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No Soldier Left Behind: SKA Students Attend IDF Program

By Shira Aharon and Rikki Bulka

On October 12, 110 students from across the tri-state area, including six from the Stella K. Abraham High School for Girls and their advisor, Mrs. Sheila Leibtag, were privileged to partake in a unique program at Magen David High School in Brooklyn, featuring a panel of Gilad Shalit and his entire army unit equipped with post-traumatic psychologists. The purpose of the unit’s ten-day trip to the United States was part of an intervention to aid the unit and administer closure after the trauma resulting from Gilad’s capture and the death of two soldiers who fell in the same battle. Additionally, the unit wanted to relay the importance of understanding what a soldier goes through, how the IDF functions and operates, and the ethics and morals that back the IDF. In order to achieve this goal, the panel of soldiers, commanders, and psychologists answered questions that addressed their personal perspectives and experiences regarding their intense position.

On June 25, 2006, nine terrorists attacked the unit’s tank in the Gaza Strip, killing the commander as well as another soldier and capturing Gilad Shalit. Professionals were immediately sent to prevent the soldiers from falling apart with grief and to help them continue with their everyday tasks, some as minor as cleaning their guns. Several of the remaining soldiers were wounded physically while the entire unit suffered emotional scars. They requested special permission from the ramat kal to stay in their location at the Gaza Strip at the outbreak of the Second Lebanon War, rather than transferring North, in order to remain close to Gilad. During the first week, they had to deal with the loss of three friends; however, companionship unified the soldiers and served as a continual motivation towards staying strong throughout the hardships they endured.

When asked about the importance of serving in the IDF, one of the soldiers remarked, “No one else can do this. It’s our time and everyone will have their time. After three years, I know it will be good. I did it. Everyone in Israel recognizes their responsibility and we grow up knowing it’s the routine. If we don’t do it, no one else will.”

Another soldier, when asked about his motives, responded, “They’re grown up educated that this is their homeland and it’s like no other place in the world. It’s the Jewish Promised Land. After the Holocaust, this is the answer for those who think we can be the same amongst the other peoples. It makes you want to move forward and participate in the responsibilities of being a soldier.”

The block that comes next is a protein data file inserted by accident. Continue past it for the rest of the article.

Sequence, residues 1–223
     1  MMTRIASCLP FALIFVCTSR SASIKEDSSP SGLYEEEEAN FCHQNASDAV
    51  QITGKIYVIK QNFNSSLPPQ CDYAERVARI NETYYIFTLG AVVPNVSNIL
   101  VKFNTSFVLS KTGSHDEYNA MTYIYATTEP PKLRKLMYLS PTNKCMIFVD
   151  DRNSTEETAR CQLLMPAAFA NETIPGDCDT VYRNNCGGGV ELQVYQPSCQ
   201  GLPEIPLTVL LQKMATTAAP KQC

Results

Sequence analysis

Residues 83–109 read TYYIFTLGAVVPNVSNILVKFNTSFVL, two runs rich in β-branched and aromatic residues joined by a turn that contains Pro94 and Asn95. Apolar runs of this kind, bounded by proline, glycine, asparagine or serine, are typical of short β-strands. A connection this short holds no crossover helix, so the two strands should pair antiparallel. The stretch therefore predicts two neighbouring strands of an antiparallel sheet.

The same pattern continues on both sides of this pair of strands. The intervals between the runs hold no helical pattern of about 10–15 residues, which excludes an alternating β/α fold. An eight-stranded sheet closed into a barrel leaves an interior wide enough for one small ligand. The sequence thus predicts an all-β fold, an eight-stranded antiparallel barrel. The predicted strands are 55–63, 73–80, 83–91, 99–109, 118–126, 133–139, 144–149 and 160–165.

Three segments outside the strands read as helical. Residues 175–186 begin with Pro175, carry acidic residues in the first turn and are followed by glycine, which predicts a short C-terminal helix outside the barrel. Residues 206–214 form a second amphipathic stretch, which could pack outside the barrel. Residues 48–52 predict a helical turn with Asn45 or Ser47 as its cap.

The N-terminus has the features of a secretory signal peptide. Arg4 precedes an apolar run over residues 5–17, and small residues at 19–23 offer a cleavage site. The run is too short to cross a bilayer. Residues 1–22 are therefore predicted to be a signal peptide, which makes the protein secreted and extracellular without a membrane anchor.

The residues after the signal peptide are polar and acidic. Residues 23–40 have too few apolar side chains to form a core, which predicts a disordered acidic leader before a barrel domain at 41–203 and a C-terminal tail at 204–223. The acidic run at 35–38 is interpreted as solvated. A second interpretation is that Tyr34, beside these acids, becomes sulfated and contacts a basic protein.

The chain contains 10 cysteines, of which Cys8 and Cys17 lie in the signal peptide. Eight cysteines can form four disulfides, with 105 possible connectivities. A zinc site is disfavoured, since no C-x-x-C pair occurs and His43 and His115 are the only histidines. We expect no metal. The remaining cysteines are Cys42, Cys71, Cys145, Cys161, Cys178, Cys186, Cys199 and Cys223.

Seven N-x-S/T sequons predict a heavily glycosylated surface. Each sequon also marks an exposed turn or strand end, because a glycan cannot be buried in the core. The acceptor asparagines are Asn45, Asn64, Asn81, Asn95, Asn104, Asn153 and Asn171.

The mefaked and three other soldiers, two of whom were religious and two not, were together in one small tank for a short period of time, carrying with them such different views, backgrounds, and perspectives. The intimate atmosphere of the tank allowed the soldiers to discuss issues that they were not previously exposed to.

In an operation in the Gaza Strip, the commander instructed the soldiers to destroy a wall that several terrorists were hiding behind. The soldiers would normally have destroyed it immediately; however, there was a group of Arab children playing near the wall. The IDF, sticking to their moral code of not harming children, took the risk and waited to destroy the wall, hoping the children would leave. Eventually the children left and the IDF was successful in killing the terrorists.

Newspapers and the media often portray Israel as an army with immoral values, while in reality, the army educational unit teaches every soldier to behave in a moral and ethical manner. The purpose of the army is not to hate, but to defend, as they are the Israeli Defense forces.

It’s part of Tzahal’s obligation to bring all soldiers home—whether dead or alive—and to never leave a soldier behind. They understand the risks when going into the army but believe it is the government’s and army’s responsibility to do everything in their power to bring every soldier home. When the army was unable to free Gilad in a military operation, it became a question of how much the government should become involved. Ultimately, they came to a conclusion and Gilad was released after being held in captivity for five long years.

Gilad remarked that the most difficult part of his captivity was transitioning from being surrounded by family and friends to complete solitary confinement. He was originally unable to interact even with his captors but was eventually able to converse with them, although never about politics, or focus on sports via radio or television. During the first two years of his captivity, Gilad had little information of the efforts being pursued worldwide on his behalf. Afterwards, he was given a radio, and for his remaining time in captivity, was able to follow events.

Dr. Levy, Gilad’s psychologist, explained the first steps to recovery, “In the beginning stages, it is crucial to stay physically close to where the trauma took place and it is important to move through the process slowly. Many soldiers don’t experience trauma until much later. As a psychologist, I continue to help soldiers dating back from the War of Independence in 1948. This is unique to the IDF.”

Following the panel of soldiers, the students involved in the program were split into groups where they discussed some of the issues and perspectives that the soldiers brought to the forefront. The students left understanding that while the IDF functions to physically protect Israel, we as Jews and supporters of Israel must protect our country by enlightening the outside world.

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Posted by on October 18, 2012. Filed under In This Week's Edition. You can follow any responses to this entry through the RSS 2.0. Both comments and pings are currently closed.